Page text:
The aim of this paper is twofold: to show the positive growth effect on economies through steady stock market growth, and to analyze the performance of India’s stock markets over the last decade on national growth. I start out in Section I with economic analyses of the high correlation between stock market indicators and the development of all financial institutions. Studies conducted by other economists prove correlations between the stock market and other macroeconomic indicators such as liquidity, level of banking, volatility, consumption, income and stock prices. Section II is a detailed case analysis of the Bombay Stock Exchange (BSE) that has for decades failed to provide substantial growth to the Indian economy. After the balance of payments crisis in 1991, the BSE underwent major management changes such as the creation of the Securities and Exchange Board Commission and the National Stock Exchange that have undoubtedly improved the stock market’s role. There has been a significant increase in the BSE’s role in Indian markets. Nonetheless, in order to make the stock exchange efficient, continued efforts are needed to restore market optimism by fighting off mass corruption, and by guaranteeing domestic and foreign investors a functional regulatory system.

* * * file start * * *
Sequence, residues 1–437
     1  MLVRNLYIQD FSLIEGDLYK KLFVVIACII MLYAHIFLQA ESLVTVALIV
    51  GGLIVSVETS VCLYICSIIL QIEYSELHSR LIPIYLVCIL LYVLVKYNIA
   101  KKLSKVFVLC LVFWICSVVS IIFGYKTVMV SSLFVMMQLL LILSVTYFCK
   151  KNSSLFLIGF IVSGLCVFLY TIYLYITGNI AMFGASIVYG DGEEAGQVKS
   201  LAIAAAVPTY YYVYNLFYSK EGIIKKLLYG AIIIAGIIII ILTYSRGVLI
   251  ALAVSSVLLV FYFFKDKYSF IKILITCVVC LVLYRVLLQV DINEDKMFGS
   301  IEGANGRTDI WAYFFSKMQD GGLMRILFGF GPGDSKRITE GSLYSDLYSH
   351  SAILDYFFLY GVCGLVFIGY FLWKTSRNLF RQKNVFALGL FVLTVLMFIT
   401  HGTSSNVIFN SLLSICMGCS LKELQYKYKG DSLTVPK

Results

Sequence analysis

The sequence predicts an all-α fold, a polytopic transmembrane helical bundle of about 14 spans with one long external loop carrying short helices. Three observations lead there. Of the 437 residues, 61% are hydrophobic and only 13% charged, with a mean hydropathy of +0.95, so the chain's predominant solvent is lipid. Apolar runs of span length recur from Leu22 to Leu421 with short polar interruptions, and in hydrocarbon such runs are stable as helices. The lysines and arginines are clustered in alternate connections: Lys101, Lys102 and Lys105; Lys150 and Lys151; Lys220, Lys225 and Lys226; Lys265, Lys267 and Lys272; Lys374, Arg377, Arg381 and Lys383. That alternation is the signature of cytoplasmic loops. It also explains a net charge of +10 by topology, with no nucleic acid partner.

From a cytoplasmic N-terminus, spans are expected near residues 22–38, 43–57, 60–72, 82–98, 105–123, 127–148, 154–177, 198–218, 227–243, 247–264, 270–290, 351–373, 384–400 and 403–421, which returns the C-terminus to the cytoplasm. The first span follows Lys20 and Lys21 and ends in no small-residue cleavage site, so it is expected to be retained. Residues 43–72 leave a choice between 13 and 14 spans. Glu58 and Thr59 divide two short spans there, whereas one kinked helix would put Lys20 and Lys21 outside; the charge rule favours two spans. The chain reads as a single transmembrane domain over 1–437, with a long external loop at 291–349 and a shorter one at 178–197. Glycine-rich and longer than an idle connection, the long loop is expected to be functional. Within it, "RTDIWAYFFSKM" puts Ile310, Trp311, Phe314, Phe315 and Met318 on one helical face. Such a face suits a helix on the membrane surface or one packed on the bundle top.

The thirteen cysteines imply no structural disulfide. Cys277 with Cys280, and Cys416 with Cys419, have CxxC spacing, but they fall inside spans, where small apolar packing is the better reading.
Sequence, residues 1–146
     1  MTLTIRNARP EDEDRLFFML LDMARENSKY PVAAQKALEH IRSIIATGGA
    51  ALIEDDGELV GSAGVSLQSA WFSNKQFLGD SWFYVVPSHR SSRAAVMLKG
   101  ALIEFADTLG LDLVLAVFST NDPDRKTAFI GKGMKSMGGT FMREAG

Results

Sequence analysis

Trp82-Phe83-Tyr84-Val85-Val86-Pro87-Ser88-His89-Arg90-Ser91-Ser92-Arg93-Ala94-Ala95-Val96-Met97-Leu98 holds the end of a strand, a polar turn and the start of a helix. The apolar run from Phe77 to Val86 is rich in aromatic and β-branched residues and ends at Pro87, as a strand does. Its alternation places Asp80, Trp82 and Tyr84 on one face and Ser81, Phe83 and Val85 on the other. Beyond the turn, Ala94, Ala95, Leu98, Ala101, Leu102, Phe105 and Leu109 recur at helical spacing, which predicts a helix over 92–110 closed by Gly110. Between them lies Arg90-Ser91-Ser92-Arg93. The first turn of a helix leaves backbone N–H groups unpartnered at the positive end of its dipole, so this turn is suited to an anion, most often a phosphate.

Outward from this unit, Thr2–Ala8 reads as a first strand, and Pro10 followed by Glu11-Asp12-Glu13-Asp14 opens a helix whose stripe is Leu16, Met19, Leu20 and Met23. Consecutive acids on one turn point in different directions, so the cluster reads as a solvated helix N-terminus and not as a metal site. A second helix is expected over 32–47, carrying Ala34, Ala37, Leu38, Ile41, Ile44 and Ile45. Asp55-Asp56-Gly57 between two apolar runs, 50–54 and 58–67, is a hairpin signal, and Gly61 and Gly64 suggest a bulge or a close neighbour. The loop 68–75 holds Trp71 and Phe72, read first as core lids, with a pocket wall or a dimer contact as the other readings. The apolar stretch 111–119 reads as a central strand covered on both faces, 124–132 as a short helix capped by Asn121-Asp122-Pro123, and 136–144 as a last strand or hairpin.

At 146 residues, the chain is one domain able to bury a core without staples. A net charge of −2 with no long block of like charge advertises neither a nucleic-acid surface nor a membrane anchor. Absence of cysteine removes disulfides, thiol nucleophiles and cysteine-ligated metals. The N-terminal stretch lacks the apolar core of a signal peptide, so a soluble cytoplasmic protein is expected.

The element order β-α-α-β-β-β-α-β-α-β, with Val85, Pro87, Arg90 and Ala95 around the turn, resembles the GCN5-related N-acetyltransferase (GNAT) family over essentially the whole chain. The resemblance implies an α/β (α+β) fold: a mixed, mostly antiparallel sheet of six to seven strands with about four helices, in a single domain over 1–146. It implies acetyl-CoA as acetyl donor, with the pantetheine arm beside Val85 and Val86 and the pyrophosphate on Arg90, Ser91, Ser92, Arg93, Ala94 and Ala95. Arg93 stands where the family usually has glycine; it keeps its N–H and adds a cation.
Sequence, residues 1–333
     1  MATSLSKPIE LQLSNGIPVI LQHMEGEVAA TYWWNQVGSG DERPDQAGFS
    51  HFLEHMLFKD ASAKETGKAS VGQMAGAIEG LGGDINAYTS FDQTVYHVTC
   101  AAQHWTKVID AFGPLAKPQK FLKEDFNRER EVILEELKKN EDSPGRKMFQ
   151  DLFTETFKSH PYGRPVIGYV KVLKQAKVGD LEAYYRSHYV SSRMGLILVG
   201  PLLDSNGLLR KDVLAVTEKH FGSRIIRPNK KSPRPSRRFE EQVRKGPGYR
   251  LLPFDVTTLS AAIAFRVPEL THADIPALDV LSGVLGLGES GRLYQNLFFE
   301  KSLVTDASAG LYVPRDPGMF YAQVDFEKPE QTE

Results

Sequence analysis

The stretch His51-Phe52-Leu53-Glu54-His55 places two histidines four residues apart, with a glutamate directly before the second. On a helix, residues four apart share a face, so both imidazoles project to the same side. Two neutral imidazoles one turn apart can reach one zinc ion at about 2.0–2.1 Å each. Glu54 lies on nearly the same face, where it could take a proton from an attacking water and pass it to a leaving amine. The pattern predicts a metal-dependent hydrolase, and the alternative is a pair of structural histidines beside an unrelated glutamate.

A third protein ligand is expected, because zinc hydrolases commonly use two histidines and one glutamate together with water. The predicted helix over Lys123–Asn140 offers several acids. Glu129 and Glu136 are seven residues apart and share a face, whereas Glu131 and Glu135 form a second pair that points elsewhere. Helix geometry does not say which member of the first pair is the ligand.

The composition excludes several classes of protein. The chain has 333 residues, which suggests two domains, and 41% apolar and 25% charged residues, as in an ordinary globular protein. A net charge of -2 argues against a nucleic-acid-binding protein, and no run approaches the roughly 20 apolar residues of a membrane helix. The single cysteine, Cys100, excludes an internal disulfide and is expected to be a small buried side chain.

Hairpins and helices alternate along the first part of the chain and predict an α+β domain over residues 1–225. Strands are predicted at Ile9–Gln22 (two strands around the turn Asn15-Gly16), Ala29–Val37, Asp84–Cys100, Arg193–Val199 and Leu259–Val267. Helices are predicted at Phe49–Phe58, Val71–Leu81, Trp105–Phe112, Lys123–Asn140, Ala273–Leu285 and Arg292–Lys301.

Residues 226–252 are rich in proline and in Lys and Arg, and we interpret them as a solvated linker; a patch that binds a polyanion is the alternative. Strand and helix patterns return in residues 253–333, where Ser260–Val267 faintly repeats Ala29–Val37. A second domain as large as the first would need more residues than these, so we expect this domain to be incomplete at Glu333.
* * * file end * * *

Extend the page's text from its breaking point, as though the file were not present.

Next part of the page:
"Financial Intermediation and National Growth: Why India Needs to Further Develop its Stock Markets,"
University Avenue Undergraduate Journal of Economics:
1, Article 5.
Available at: http://digitalcommons.iwu.edu/uauje/vol6/iss1/5